At The Filing Room, we archive and scan a multitude of documents every day. These documents are the ongoing evidence of thousands of contractual agreements being made between Kenyan businesses.
In many ways, an increase in archived documents can be an indication of how well the Kenyan economy is doing. In this article, we will explore the relationship between some of Kenyan businesses related factors.
GDP (Gross Domestic Product)
GDP is the most popular and useful monetary measure, an indicator of a nation’s economy within a specific timeframe. Countries like America boast a whopping GDP of nearly $20 trillion dollars. Kenya, the leading economy in East Africa, has a GDP of $75 billion.
Whilst GDP is important, it is the annual percentage change in GDP that reveals the most about a nation’s economy. In the US, the GDP growth weighed in at 2.3% for 2017, whilst Kenya reached 5% for the same period.
That 5% growth means that every year there are more businesses and more contracts being signed and, therefore, there are more documents that need to be archived. Indeed, when Kenyan businesspeople succeed, archiving does too.
It is no secret that African countries experience much higher population growth than countries from other continents. The Kenyan population grows at a rate of 2.5% each year whilst most European countries are growing at a rate lower than 1%.
This population growth is also a contributing factor towards an increase in the number of documents being archived. Experts predict that Nairobi’s population will reach 5 million by 2025 as immigrants from all over move to the city looking for employment and opportunities.
This kind of metropolitan growth necessitates an increased need for archiving solutions. Greater numbers of people mean greater scope for human activity, for industry and interaction, and all that interconnectivity needs documenting somewhere.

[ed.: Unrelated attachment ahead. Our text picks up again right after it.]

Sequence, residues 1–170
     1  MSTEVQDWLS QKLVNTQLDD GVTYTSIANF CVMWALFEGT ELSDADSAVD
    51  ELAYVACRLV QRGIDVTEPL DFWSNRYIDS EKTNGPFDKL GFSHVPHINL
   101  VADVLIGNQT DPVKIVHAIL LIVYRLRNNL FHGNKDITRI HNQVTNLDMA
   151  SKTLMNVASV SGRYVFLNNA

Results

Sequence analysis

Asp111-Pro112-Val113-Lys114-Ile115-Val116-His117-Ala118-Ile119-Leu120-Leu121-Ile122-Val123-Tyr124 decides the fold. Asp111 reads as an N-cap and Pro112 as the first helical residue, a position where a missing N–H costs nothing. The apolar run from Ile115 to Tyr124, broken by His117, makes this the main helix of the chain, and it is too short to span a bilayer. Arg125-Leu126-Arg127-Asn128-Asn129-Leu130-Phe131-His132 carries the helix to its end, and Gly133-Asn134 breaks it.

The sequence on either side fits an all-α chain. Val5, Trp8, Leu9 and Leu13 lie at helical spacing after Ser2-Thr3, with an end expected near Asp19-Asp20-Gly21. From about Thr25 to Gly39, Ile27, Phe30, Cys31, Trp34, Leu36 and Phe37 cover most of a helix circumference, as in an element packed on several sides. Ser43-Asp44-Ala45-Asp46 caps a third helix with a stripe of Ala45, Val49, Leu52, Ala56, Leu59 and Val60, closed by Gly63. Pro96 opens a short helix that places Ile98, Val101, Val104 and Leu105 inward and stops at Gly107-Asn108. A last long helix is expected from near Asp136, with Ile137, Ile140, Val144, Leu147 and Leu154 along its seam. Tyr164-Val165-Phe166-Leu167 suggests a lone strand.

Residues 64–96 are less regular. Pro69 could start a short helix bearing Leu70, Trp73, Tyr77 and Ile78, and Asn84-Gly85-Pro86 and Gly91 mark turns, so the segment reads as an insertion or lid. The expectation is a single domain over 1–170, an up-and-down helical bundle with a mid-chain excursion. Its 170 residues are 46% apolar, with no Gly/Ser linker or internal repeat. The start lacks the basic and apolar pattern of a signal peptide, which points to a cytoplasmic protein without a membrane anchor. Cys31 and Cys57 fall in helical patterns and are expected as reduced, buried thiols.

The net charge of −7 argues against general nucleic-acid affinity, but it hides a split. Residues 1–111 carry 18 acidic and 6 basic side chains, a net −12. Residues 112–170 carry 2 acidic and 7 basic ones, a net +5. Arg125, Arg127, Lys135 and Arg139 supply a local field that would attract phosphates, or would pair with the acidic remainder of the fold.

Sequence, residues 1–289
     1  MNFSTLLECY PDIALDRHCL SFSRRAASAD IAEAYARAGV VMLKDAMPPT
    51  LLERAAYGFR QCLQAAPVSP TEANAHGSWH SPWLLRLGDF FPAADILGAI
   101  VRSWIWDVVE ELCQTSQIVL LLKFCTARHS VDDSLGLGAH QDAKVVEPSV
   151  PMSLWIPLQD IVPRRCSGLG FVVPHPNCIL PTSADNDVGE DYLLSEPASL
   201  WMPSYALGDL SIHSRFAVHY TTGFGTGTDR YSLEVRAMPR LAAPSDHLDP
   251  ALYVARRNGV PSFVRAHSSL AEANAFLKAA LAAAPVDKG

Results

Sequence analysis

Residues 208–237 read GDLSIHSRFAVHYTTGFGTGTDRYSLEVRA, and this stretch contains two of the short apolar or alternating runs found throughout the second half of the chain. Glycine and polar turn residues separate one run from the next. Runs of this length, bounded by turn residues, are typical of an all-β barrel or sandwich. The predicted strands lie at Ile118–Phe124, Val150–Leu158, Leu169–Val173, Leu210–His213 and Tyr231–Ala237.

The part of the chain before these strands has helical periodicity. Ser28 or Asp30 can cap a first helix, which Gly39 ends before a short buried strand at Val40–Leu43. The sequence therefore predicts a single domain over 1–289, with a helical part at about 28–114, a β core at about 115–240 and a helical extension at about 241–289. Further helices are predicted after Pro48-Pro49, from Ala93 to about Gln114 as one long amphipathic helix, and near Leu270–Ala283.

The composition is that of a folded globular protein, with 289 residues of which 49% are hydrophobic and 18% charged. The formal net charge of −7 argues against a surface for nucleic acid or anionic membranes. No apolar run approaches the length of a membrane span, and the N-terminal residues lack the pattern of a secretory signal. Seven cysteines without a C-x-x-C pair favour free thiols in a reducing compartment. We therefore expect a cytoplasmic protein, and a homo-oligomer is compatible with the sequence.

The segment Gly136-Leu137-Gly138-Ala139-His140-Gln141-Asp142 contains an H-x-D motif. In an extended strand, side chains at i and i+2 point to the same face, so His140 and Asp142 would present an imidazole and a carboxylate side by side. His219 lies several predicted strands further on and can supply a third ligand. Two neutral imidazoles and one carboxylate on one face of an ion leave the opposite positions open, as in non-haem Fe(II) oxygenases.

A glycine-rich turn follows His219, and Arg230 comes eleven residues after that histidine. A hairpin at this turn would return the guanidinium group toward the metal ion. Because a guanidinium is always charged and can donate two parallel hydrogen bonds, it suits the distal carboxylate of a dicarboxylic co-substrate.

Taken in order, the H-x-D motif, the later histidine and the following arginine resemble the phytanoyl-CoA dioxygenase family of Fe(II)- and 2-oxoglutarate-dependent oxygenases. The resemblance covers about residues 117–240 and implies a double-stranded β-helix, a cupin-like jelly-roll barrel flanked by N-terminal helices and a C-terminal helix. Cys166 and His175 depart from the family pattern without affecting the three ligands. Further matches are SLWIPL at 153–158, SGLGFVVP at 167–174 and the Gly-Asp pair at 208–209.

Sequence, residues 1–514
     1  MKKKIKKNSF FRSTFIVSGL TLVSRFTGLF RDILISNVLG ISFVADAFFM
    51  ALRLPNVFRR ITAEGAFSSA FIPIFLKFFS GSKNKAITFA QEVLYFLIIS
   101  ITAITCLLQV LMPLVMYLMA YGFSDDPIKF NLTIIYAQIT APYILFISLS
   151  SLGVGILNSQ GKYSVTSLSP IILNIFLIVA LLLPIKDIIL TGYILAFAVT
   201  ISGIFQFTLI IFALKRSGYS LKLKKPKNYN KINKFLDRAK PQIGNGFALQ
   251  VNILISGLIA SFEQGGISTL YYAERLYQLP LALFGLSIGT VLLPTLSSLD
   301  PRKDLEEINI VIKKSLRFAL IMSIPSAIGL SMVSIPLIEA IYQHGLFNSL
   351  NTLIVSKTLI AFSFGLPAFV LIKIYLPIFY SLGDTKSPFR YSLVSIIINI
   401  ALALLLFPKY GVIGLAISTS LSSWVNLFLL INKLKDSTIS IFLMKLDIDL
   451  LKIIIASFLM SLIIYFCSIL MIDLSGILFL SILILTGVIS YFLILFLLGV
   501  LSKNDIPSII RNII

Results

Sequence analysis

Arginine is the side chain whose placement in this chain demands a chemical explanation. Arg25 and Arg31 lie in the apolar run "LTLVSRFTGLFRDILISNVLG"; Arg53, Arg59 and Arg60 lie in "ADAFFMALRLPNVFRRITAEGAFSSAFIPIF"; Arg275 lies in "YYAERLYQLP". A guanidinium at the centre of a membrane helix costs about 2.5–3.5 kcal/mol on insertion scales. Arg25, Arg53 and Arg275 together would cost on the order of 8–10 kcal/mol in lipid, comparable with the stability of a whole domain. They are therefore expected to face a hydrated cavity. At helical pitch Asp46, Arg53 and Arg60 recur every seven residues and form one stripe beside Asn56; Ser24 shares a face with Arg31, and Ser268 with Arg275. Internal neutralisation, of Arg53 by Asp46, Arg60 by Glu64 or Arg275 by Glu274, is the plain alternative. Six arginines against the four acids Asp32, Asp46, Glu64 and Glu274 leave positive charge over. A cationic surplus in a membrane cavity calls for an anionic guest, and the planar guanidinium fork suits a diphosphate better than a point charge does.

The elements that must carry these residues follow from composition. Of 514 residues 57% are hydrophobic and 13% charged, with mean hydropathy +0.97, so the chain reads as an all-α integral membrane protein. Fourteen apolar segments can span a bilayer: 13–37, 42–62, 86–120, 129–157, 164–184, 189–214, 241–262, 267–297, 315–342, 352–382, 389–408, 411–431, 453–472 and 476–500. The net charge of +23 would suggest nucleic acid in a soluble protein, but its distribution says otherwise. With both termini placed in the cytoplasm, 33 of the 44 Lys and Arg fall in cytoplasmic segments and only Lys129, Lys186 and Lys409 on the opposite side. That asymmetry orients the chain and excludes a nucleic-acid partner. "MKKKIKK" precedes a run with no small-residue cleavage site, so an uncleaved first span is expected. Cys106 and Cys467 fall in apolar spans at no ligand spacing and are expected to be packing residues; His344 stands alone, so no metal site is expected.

A few years ago, the Treasury announced the creation of the Nairobi International Financial Centre (NIFC) in a bid to turn Nairobi into the financial hub for central and eastern Africa. Ministers in the Treasury believe this would be the first step toward creating a financial hub that could rival those in Hong Kong, London and Dubai.
One of the main ways that developing nations, like Kenya, can grow sustainably and safely is by attracting Foreign Direct Investment (FDI). The establishment of the NIFC will be a huge step in the right direction for this.
Indeed, the establishment of this financial sector will be one of the most important factors in causing an increase in the demand for archiving services. The new investments will lead to the growth of existing businesses and the creation of new ones.
Banks will loan Kenyan entrepreneurs the cash they need to bring their ideas to life and the important documents created in these transactions will need to be safely stored and easily accessible.
Clearly, the Kenyan economy is an ever-changing organism and the changes it undergoes affect us all. Although all economies require healthy degrees of competitiveness, the success of one business will contribute to the success of another. Here at The Filing Room, we thrive off the success of others and that is why we will always support Kenyan businesses.